Google has killed its baked-in email app in Lollipop, the latest iteration of the Android OS, which could upset enterprise users. The stock Android email app filled a niche for many professionals who used it for their work accounts, while using Gmail for personal accounts.
Many Gmail users were unintentionally shut out of receiving email messages this past Saturday, when Google alllowed one of its root certificates to expire.
Google has updated Gmail for iOS by adding time-saving iOS 8 features, TechCrunch reported.
Inbox by Gmail is moving to the office. Google plans to roll out Inbox for Google Apps to a small group of users next month.
Google is launching an invite process that enables Google Apps for Work administrators to request acces to Google's Inbox, reported TechCrunch.
The Inbox by Gmail app team has an "Undo Send" email feature up its sleeve, though it failed to make the cut in time for its October launch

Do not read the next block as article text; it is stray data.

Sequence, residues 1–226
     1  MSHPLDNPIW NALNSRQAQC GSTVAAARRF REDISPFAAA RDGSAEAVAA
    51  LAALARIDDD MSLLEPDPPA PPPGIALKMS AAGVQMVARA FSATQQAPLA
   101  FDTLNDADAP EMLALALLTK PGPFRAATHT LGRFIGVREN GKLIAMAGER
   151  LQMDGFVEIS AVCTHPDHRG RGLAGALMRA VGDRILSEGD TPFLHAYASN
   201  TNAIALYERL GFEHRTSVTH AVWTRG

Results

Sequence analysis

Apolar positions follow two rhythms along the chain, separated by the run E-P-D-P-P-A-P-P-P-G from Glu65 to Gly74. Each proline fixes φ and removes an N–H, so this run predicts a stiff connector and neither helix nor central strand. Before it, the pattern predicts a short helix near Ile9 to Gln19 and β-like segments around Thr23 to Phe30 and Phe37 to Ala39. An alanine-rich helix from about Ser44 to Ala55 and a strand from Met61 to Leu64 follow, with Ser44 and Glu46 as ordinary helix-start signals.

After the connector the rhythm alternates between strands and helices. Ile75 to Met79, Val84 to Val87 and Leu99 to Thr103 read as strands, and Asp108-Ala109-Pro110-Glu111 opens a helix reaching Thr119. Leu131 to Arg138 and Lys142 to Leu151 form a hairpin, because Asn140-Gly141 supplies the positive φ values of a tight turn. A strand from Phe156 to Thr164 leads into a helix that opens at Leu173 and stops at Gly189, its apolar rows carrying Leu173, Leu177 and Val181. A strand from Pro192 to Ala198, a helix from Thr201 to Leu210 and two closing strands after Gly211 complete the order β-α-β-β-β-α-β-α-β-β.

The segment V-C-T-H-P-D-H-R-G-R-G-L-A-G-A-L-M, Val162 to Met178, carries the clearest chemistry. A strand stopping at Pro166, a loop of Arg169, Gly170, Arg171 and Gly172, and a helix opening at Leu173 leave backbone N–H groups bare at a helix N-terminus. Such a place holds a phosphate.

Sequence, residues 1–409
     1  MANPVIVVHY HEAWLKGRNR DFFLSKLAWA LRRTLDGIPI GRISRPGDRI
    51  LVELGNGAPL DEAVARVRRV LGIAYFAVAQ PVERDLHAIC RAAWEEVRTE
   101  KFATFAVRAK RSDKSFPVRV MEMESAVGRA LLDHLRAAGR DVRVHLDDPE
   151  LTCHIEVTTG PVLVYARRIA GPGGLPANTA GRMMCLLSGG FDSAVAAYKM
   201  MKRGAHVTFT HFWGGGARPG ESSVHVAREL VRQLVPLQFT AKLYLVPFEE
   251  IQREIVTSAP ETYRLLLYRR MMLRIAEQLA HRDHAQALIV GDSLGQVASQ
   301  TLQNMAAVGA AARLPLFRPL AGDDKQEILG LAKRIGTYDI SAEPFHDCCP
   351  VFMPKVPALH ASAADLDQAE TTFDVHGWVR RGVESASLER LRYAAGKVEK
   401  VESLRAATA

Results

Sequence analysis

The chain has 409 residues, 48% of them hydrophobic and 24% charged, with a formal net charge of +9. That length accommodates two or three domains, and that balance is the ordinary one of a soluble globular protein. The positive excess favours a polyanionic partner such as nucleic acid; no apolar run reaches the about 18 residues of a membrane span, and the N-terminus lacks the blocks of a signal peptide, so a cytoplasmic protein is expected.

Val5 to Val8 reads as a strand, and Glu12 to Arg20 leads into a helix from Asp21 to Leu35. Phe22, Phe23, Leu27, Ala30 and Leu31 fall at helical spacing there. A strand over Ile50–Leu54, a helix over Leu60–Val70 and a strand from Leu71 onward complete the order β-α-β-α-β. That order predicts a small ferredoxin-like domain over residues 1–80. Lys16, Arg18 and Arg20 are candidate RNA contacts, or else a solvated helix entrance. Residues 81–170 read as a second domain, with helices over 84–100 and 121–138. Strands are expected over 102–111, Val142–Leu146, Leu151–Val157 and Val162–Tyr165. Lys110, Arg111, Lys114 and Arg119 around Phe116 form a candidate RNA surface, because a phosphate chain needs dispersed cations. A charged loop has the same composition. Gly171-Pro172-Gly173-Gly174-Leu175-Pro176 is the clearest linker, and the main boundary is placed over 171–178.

A text file allegedly containing around five million logins and passwords for Google accounts was published earlier this week on the Bitcoin Security board, a Russian cybersecurity forum.
An attempt by Goldman Sachs to have Google block access to a sent email raises some serious questions with regards to data access, especially given the widespread cloud deployment and pervasive state-level surveillance that we are seeing today.
In the aftermath of the revelations about widespread National Security Agency surveillance, more email users are turning to encryption to secure their emails.
A couple of weeks ago, Google made an announcement that it has enabled end-to-end data encryption for messages handled by the company's Gmail service. This means that every email message that is sent and received is encrypted while moving internally, explained Nicolas Lidzborski, the engineer lead for Gmail Security.